Caesar was brilliant in strategy, knew when to reward and when to discipline his troops. One can see why the legions developed a fierce loyalty to his family. One can see his oratorical skills (however palely reflected in translation) and mercy (with few exceptions, he’s remarkably lenient with the conquered Gauls -- but there were also practical political and military reasons for that). This book shows some of the flavor of warfare of the time: the importance of deception on the battlefied (and occasionally outright treachery at the parlay), the difficulties of supply, the amazing engineering skill of the Roman legions, the compactness of the ancient battlefield.

I wonder if Caesar’s descriptions of Gallic customs are correct and likewise with the Druids. I suspect Caesar perhaps overstates the client-patron relationships (a characteristic Roman social construct) in Gallic society.

Unfortunately, the book leaves me ignorant on points of ancient warfare I’d like to know: how were hostages (and there are lots in this account) and prisoners kept?, how quiet was the ancient battlefield (we here of speeches given on the field constantly)?, how close did various units camp?, what does a siege terrace look like?, how were the men tactically deployed? It isn’t Caesar’s fault these aren’t mentioned. He’s writing for an audience that knows these background details firsthand and needs no explanation. It would be like a modern history or novel not bothering to explain all that is implied by the words “telephone” or “fax machine”.
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LibraryThing member GuilhermeSolari
You have got to give Caesar credit. Not only does he conquer half of Europe, but he is a darn good writer too! Much of the credit must go to the fine translation too I suppose.

Caesar's accounts on the war are great. With such coldness he reports that the bodies of the soldiers keep pilling up as to create whole mountais.

The siege of Alesia would be very good fiction, but as it is an all to real story, it becomes simply breathtaking.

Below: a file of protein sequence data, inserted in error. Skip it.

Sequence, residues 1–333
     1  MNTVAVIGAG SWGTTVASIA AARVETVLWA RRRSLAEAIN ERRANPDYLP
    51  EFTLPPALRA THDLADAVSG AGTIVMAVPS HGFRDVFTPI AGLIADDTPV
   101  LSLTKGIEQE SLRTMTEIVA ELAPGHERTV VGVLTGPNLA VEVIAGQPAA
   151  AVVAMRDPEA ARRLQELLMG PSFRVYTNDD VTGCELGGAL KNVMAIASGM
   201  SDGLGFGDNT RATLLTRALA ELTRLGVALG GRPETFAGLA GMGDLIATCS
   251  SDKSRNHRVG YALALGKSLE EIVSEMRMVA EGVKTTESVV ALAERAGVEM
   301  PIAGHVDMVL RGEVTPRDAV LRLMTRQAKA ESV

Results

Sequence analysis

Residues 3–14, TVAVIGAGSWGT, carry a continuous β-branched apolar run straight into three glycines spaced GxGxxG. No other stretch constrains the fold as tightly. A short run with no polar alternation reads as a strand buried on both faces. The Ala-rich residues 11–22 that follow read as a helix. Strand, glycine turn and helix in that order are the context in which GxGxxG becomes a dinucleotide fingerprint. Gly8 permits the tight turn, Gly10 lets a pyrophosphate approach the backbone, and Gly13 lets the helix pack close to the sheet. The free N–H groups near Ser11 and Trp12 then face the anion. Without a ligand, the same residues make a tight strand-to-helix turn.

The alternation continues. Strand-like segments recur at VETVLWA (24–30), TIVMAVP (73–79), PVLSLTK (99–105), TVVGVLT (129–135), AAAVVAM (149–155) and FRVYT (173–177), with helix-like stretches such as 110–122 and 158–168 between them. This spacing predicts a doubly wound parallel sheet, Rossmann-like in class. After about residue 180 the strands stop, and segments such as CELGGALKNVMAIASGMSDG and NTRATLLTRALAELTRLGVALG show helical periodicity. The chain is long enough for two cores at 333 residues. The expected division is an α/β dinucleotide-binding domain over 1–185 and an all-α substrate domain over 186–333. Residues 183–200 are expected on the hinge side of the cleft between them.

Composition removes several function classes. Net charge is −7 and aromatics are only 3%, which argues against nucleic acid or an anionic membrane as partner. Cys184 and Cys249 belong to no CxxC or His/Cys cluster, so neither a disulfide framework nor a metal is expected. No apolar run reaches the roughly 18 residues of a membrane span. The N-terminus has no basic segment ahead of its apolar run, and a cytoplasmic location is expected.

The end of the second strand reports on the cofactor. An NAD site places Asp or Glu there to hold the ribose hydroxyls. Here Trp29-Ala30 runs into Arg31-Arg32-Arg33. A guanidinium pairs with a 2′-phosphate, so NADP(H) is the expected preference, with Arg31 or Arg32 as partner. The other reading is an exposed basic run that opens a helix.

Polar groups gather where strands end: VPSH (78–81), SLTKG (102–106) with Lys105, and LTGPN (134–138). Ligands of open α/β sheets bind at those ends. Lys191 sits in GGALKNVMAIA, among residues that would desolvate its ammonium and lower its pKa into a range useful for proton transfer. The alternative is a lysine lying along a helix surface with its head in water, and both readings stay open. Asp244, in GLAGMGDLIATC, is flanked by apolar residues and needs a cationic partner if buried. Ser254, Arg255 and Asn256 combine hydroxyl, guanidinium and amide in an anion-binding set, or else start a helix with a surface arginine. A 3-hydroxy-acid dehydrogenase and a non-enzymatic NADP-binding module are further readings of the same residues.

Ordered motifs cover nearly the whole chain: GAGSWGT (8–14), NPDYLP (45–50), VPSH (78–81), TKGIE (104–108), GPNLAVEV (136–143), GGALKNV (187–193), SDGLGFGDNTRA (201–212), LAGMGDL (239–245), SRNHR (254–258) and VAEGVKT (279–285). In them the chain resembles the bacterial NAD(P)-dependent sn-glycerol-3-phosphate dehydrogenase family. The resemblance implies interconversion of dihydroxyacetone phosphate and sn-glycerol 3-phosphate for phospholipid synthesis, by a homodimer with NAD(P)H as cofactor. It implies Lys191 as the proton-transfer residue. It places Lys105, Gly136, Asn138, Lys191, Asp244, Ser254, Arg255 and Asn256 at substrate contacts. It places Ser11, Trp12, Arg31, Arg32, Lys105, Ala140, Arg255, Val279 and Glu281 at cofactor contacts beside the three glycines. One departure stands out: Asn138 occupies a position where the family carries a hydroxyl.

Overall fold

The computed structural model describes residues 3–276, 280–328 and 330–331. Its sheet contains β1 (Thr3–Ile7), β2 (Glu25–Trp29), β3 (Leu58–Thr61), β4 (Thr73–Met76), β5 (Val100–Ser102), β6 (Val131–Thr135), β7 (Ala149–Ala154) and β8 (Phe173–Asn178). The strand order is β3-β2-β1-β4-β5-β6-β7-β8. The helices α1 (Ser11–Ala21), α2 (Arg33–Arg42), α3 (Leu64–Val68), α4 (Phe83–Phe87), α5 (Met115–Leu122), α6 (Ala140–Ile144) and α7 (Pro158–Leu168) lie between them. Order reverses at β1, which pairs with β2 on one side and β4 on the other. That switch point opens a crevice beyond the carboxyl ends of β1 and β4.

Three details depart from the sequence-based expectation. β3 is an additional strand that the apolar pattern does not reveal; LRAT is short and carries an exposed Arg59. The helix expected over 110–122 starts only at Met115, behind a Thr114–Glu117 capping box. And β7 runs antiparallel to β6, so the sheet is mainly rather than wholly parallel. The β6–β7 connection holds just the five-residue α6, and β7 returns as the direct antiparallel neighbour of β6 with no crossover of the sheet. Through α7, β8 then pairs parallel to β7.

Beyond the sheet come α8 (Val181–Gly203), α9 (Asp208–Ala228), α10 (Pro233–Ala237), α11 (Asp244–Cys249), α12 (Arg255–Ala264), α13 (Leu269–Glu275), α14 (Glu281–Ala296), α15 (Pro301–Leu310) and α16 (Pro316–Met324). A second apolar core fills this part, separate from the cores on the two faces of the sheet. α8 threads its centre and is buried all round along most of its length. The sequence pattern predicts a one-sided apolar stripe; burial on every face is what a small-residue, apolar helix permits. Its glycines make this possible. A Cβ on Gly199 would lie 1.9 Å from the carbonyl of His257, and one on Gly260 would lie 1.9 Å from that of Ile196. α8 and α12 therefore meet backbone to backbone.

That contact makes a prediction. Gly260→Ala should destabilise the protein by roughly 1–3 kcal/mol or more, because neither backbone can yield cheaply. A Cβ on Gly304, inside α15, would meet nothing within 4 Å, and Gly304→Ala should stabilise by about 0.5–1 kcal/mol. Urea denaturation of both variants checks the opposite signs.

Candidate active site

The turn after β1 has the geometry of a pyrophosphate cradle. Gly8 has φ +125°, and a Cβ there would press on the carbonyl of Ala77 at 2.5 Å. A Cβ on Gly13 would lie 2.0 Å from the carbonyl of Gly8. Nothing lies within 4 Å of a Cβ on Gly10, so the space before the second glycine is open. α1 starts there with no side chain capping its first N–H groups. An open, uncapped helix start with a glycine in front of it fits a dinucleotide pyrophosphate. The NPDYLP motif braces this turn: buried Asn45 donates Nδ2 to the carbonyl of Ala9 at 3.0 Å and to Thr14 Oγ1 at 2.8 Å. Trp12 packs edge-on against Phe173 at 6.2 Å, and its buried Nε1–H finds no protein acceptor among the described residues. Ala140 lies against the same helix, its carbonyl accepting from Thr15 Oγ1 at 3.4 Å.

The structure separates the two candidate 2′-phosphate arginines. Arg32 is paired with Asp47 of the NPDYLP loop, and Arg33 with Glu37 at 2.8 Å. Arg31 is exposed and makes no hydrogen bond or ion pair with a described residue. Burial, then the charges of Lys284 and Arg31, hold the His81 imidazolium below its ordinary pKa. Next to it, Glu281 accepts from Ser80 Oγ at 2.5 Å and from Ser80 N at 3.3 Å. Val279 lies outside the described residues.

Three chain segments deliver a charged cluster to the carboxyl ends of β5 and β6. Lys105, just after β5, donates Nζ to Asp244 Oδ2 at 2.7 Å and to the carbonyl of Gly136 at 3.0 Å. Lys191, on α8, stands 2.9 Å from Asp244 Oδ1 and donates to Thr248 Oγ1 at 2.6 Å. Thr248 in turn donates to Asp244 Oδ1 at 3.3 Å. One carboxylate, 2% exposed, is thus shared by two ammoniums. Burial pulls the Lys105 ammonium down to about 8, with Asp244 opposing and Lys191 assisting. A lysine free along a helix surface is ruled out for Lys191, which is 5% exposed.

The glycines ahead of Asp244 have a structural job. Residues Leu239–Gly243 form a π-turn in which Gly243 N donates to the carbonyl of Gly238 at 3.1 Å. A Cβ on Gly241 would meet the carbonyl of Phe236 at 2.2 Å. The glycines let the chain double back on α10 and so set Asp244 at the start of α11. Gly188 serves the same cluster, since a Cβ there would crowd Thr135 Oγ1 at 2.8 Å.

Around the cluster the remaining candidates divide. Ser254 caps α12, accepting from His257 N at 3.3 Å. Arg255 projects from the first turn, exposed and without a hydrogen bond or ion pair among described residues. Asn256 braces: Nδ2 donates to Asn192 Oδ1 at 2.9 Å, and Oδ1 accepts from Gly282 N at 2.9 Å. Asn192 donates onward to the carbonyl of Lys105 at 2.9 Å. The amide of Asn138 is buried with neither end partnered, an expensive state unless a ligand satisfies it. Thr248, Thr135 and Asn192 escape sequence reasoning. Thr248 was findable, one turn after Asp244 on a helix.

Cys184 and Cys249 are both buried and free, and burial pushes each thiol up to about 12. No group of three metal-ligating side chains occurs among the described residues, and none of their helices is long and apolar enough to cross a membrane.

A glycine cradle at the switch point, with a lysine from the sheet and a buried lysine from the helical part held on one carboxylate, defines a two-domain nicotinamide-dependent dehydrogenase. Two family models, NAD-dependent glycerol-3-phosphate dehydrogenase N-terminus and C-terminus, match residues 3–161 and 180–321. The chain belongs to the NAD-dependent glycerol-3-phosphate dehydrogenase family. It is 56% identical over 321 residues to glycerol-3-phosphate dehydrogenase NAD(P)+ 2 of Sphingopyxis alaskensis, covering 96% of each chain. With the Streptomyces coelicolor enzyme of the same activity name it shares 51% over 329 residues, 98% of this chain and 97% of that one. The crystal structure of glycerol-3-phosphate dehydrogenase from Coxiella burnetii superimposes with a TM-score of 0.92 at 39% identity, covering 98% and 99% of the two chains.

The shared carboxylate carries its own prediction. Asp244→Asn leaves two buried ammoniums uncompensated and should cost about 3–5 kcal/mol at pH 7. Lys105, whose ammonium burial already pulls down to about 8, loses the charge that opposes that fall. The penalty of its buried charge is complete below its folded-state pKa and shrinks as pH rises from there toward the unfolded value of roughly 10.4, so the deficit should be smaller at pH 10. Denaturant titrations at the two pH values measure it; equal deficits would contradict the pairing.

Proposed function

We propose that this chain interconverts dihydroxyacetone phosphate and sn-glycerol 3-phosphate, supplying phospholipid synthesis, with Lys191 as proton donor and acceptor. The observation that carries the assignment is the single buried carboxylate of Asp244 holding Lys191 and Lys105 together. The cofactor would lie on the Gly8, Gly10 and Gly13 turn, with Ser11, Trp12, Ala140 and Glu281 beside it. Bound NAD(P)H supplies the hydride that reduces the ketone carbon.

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LibraryThing member RobertP
Not bad for a two-thousand year dead ambitious dictator.
LibraryThing member DanielSTJ
Absolutely fascinating. It is a momentous achievement that we have an "almost" first-hand account of the conquest of Gaul by Caesar.

Definitely not my last read of these types of memoirs.

Recommended for everyone.
LibraryThing member la2bkk
In many ways, one of the most important ancient works ever written. Caesar proves he is not only a great statesman and general, but also author. His work withstands the ages with its clarity and conciseness. One only has to read works written several hundred years ago to understand how writing styles have changed over time, yet Caesar's work still seems remarkably "modern." More importantly, The Gallic Wars is the primary source for Caesar's epic campaign and a fundamental source for much of our knowledge of the Gallic people.… (more)
LibraryThing member Kurt.Rocourt
It's not actually written by Caesar. It more of a third person account of the campaigns throughout Gaul. Although there a quotes credited to Caesar I was disappointed at not actually having his own written words appear the page. It was still good and very informative on how politics and war are so connected. It will serve as an example of early semi-biographical narration but should not be credited as written by Caesar himself.… (more)
LibraryThing member Lukerik
A shocking account of genocide by the man who committed it.
LibraryThing member alexanme
Important historically as a work of propaganda or in examining historical perceptions of the "meaning" of military science.
LibraryThing member viking2917
I can't read this without hearing the voice of Ciaran Hinds (who played Caesar on the tv series Rome) narrating this.....
LibraryThing member sszkutak
I had to read sections of this for a class focused on barbarians, and the various perspectives of what a barbarian is to whom. This was an interesting work to read in that context.